NSF Broader Impacts Criterion
In every proposal seeking research funding from NSF, the principal investigator must spell out the research questions, intended methods, and proposed budget for the project. Starting in 2002, researchers were challenged to think more broadly about the societal impacts of their proposed activity, guided by the following questions:
• How well does the activity advance discovery and understanding while promoting teaching, training, and learning?
• How well does the proposed activity broaden the participation of under re presented groups (e.g., based on gender, ethnicity, disability, geography)?
• To what extent will it enhance the infrastructure for research and education, such as facilities, instrumentation, networks, and partnerships?
• Will the results be disseminated broadly to enhance scientific and technological understanding?
• What may be the benefits ol the proposed activity to society?
SOURCE: NSF, 2007.
Recent and ongoing studies of the stability of the West Antarctic ice sheet and grounding line (e.g., Jenkins et al., 2010; Velicogna, 2009)—otherwise highlighted in Chapter 3—show that large changes to global sea level rise are possible in response to global warming. Information about polar changes is thus relevant to decisions that affect the lives of millions of nonpolar residents.
IPY addressed the growing concerns about polar changes by organizing public and educational forums, and IPY outreach efforts led policymakers to turn to polar scientists to help inform decisions. In turn, through their experience preparing presentations for and answering questions from general audiences, many polar scientists learned about the concerns of the public, educators, and stakeholders, and in some cases adapted their research based on this new knowledge. The result was an increase during IPY in basic research that considered possible applications and stakeholder guidance (e.g., Stokes, 1997).
The committee notes that “action” was not defined as a major goal by the IPY Planning Group (2003-2004), the JC, or the National Research Council specifically. For example, the 2004 NRC Vision Report does not refer to the creation of adaptation plans or mitigation policy. The interest in connecting knowledge with action emerged as a logical extension of research projects or in response to information needs associated with expanding human activities, particularly in the Arctic.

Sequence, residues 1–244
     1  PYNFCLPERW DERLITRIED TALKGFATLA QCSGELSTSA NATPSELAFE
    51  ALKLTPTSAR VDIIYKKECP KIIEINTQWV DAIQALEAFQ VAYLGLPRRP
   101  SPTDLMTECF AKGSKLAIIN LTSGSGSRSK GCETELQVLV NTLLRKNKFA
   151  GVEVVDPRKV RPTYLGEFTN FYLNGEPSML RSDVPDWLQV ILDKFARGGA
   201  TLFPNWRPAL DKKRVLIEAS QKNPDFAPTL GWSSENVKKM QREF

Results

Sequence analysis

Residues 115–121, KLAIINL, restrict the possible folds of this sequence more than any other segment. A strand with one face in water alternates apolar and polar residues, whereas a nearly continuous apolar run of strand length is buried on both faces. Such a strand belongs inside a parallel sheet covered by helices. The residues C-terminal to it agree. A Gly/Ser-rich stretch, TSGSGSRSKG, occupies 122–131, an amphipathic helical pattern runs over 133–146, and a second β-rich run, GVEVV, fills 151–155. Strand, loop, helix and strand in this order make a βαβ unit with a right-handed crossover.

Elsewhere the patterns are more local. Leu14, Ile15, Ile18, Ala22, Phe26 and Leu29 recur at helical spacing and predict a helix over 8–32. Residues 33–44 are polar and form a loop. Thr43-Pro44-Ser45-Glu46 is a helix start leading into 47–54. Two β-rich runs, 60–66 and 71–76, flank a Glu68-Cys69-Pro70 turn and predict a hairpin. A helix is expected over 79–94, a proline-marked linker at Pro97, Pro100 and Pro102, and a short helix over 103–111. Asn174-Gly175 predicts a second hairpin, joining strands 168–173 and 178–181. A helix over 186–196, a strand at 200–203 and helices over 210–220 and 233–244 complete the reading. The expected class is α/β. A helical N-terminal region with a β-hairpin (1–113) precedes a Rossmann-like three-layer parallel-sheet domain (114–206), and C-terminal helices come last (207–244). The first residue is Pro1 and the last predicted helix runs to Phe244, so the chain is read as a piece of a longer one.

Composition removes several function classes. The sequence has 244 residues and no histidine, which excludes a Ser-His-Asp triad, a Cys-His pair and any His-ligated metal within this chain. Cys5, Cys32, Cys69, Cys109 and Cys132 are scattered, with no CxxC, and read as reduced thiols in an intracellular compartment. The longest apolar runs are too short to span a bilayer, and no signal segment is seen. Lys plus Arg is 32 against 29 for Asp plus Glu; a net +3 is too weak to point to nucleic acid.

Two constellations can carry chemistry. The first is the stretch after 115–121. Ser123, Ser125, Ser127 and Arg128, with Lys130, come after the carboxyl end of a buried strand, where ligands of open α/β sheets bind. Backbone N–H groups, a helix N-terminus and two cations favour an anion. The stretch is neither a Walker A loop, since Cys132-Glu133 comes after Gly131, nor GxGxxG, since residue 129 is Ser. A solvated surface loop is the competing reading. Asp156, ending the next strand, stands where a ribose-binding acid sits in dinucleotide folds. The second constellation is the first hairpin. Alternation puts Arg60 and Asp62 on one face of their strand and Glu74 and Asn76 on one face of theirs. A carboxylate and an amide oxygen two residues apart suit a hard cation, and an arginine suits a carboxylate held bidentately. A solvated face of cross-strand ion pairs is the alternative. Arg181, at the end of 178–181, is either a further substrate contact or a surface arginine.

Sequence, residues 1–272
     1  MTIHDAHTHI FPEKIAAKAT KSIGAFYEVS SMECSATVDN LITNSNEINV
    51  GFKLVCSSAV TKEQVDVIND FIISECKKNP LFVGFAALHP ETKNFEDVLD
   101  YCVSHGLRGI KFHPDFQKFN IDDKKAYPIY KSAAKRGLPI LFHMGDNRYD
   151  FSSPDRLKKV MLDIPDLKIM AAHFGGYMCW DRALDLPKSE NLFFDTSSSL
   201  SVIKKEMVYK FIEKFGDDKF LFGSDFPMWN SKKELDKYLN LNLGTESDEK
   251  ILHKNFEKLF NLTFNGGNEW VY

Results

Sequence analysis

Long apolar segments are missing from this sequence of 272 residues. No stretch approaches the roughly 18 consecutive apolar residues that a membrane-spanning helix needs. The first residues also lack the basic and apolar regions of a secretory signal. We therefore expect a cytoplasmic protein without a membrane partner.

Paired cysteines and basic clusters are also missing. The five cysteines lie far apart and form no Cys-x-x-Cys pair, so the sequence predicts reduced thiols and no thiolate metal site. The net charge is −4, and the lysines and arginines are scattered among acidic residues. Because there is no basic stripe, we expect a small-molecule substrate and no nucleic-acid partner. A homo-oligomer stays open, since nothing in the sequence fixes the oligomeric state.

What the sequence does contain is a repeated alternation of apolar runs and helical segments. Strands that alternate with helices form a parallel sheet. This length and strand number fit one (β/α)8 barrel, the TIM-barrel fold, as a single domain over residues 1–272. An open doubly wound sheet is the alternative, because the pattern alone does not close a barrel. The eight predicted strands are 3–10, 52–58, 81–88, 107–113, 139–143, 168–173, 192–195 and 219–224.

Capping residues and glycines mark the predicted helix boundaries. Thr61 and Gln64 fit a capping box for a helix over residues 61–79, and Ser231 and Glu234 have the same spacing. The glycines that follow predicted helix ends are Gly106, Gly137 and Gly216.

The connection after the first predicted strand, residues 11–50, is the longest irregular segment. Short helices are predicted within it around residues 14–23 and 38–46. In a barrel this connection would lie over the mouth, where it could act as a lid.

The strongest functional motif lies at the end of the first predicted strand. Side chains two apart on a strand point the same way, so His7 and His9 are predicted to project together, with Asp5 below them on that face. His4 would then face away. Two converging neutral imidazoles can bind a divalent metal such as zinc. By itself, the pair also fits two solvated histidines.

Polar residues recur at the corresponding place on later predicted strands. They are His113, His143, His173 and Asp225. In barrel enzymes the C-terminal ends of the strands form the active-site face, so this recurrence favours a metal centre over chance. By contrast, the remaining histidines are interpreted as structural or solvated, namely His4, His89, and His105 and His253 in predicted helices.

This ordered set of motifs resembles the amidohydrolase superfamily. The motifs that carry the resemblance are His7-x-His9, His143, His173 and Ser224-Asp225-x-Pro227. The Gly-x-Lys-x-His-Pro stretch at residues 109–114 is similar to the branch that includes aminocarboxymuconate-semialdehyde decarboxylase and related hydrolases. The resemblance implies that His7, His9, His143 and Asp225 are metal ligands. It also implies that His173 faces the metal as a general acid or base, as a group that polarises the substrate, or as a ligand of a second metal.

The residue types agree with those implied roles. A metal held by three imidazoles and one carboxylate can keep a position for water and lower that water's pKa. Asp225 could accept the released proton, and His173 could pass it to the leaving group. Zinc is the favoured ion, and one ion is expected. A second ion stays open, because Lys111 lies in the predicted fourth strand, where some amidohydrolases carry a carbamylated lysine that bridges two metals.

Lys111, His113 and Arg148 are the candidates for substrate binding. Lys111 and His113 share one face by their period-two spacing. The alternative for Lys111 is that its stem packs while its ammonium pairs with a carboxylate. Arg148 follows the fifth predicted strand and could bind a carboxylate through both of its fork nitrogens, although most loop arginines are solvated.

The applications and observations described below are presented as examples and are not a comprehensive review of the portfolio of IPY knowledge-to-action activities.
IPY gave impetus for increased interaction and discussions between scientists and practitioners, including community planning groups, as the practitioners sought relevant, science-based information as a basis for their planning. Because of the larger environmental changes and greater populations in the North, most of the applications noted below are from the Arctic region.
Predictions, Projections, Forecasts, and Scenarios
IPY had a strong focus on observations and modeling to improve predictive capability, in part due to the need to understand and project the forcing and implications of cryospheric changes. The foundation for this focus was laid years earlier under the scientificcommunity-inspired “Study of Environmental Arctic Change” (SEARCH).2 SEARCH eventually became in interagency initiative with an international legacy through the International Study of Arctic Change (ISAC), which was established in 2003. The SEARCH tripartite charge “Observing Change, Understanding Change, and Responding to Change” is explicit about informing action.
The record sea ice minimum in 2007, the first year of IPY, stimulated concerted efforts to understand its cause, project plausible future trajectories, and consider systemwide implications. Cooperative oceanographic cruises and remote sensing imagery provided by many nations in concert with sophisticated modeling studies provided a comprehensive picture of its shrinking extent and thickness.
With the rate of change in the Arctic outpacing traditional modes of scientific communication, the